Concept, Character, History: Traditionally, it's beef sashimi, not tataki. However, the tradition on the dish is not all that long; it dates from mid-20th C Venice. There are pluses and minuses to tataki style for slicing and pounding -- but if that's your choice, why not? Concept: From a sushi point of view, think o-toro richness with hirame sashimi presentation.
Garniture: Dressed with olive oil, sometimes infused, shaved dry cheese such as parm, capers, garlic chives, bitter greens, chili flakes, yadda yadda yadda. Highly adaptable to sashimi presentations and garniture. Again, think toro taste and hirame translucency. Anything that goes with negi-toro goes with carpaccio. Got scallions? Lan-yu would be interesting -- but tread lightly young padwan. Grated, spicy radish could be interesting. If you like wild fusion, I think an XO mignonette would be killer. Dam, talked myself into it. I'll put that together this week.
Meat: Fillet. You don't want too much marbling. Wa-gyu is not the best choice, too fatty. Ideally, you're looking for something like "Better than Choice Angus." Grass fed beef has more flavor. You can use any other cut without grain you like. Top block sirloin is an excellent choice. You can even use eye of round for an economy carpaccio. Okay, that's pushing it. Don't.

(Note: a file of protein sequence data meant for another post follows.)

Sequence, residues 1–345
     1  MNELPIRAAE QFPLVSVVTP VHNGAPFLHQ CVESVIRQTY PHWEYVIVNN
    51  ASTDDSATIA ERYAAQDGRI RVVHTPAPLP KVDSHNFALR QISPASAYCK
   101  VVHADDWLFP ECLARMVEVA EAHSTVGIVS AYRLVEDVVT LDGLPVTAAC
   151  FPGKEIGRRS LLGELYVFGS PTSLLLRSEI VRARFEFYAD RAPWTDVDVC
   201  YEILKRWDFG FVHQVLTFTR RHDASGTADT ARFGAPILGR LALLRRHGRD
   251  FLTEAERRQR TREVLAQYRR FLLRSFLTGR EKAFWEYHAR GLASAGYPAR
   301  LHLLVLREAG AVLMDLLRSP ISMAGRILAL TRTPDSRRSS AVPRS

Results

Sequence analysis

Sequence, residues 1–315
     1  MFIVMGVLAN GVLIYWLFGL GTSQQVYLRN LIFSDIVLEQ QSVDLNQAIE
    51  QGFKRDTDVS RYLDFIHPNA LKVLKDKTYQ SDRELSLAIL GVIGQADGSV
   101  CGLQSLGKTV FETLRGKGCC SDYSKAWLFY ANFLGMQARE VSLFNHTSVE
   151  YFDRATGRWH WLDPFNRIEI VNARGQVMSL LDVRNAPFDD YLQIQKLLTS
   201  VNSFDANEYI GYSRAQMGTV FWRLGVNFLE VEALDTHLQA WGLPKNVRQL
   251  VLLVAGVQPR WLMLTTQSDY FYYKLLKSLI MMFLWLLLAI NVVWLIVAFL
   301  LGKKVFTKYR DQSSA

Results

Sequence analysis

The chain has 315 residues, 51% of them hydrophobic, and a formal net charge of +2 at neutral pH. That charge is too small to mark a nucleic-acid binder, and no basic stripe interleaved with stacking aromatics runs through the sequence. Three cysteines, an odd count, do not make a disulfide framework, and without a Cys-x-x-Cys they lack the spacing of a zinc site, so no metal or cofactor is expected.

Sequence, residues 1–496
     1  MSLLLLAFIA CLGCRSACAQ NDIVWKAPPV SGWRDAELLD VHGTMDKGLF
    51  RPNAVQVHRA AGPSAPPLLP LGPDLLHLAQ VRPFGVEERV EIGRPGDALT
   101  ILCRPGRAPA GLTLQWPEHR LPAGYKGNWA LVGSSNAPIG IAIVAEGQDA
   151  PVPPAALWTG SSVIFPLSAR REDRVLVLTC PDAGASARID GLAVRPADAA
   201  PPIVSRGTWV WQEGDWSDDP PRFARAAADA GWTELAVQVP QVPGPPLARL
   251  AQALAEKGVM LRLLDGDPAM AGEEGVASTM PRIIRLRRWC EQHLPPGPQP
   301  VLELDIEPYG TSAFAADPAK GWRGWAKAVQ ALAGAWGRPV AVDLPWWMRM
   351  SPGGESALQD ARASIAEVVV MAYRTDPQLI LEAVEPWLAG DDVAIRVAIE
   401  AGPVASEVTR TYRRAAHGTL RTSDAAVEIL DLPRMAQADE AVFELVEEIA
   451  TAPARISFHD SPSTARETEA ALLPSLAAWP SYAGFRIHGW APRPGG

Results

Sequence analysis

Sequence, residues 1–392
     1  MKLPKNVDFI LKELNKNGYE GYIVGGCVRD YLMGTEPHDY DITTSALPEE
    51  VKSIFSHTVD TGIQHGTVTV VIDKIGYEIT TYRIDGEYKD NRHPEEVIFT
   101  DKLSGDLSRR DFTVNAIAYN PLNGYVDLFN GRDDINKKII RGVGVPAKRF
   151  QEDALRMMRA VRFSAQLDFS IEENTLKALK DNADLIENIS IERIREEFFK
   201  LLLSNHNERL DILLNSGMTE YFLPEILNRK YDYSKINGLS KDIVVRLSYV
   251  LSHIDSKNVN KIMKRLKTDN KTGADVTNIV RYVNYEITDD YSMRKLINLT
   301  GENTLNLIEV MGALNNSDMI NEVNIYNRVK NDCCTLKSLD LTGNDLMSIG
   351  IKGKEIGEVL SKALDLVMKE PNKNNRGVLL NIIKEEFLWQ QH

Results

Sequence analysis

Knife technique: Big deal. Use very cold meat, but not frozen. If you've got the time, tools and technique you can do a better job by hand than with a slicer. The slicer's blade is toothy and tears the meats fibers instead of cutting cleanly. You want a polished edge -- right between "near mirror" and "mirror." In sharpening terms, a Hall's black Arkansas, Norton translucent Arkansas, an 8000# Norton water stone, a 5000# or 8000# Shapton, etc. In other words... sharp. You want enough flexibility in the blade so you can feel the face of the meat before cutting through it. A suji or yani that's not too stiff are OK. I guess a tako or fugubiki would be ideal -- but have never used either, so as I said, a guess. With my knife (old French carbon slicer), I cut straight down to the board, no bias whatsoever. I know that's not sushi style. If your thinnest technique is on the bias, do that. Fillet doesn't have much grain structure anyway. Time consuming, neh? I have fairly fast knife technique and it would still take me awhile to cut each serving.
Pound: Yes, slightly, no matter how thin you've sliced. The idea is not only to thin but to enlarge the slice, give it an irregular shape, and to open the fiber structure so it is translucent and takes the dressing. There's actually a right kind of pounder for this. You want to use a flat, disk shaped pounder on a vertical or offset handle. You pound straight down, then drag the disk across the meat to stretch it. The whole process is facilitated by pounding between lubed sheets of cling film. After pounding, hold the slice up to a window or light to check. Really. I'm serious. Makes a good show.
Freezing: Better if you don't. Alters the cell structure, screws up the final texture and moisture content.
My two lira,
PS ON EDIT: FWIW, tataki means quick seared on the outside, raw all the way through, and served chilled (or at least cool). I used "sashimi" to mean raw.